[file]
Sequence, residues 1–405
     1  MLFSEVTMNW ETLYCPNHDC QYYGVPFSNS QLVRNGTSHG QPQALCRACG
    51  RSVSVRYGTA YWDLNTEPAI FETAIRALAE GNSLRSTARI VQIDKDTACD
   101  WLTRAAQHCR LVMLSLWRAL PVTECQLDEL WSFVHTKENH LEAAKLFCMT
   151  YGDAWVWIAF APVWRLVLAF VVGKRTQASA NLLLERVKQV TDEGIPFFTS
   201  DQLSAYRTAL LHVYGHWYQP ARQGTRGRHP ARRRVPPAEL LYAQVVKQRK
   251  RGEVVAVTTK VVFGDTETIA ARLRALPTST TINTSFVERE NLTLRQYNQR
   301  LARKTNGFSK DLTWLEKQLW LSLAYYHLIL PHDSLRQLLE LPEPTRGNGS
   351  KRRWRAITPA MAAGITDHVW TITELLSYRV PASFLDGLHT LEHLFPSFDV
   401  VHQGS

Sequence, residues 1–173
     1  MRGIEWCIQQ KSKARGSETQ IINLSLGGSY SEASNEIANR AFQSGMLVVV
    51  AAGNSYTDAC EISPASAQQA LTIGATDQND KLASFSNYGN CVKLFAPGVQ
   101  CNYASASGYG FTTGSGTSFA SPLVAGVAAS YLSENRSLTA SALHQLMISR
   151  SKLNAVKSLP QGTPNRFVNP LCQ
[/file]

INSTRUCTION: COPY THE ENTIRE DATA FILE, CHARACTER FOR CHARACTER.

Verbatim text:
Sequence, residues 1–405
     1  MLFSEVTMNW ETLYCPNHDC QYYGVPFSNS QLVRNGTSHG QPQALCRACG
    51  RSVSVRYGTA YWDLNTEPAI FETAIRALAE GNSLRSTARI VQIDKDTACD
   101  WLTRAAQHCR LVMLSLWRAL PVTECQLDEL WSFVHTKENH LEAAKLFCMT
   151  YGDAWVWIAF APVWRLVLAF VVGKRTQASA NLLLERVKQV TDEGIPFFTS
   201  DQLSAYRTAL LHVYGHWYQP ARQGTRGRHP ARRRVPPAEL LYAQVVKQRK
   251  RGEVVAVTTK VVFGDTETIA ARLRALPTST TINTSFVERE NLTLRQYNQR
   301  LARKTNGFSK DLTWLEKQLW LSLAYYHLIL PHDSLRQLLE LPEPTRGNGS
   351  KRRWRAITPA MAAGITDHVW TITELLSYRV PASFLDGLHT LEHLFPSFDV
   401  VHQGS

Sequence, residues 1–173
     1  MRGIEWCIQQ KSKARGSETQ IINLSLGGSY SEASNEIANR AFQSGMLVVV
    51  AAGNSYTDAC EISPASAQQA LTIGATDQND KLASFSNYGN CVKLFAPGVQ
   101  CNYASASGYG FTTGSGTSFA SPLVAGVAAS YLSENRSLTA SALHQLMISR
   151  SKLNAVKSLP QGTPNRFVNP LCQ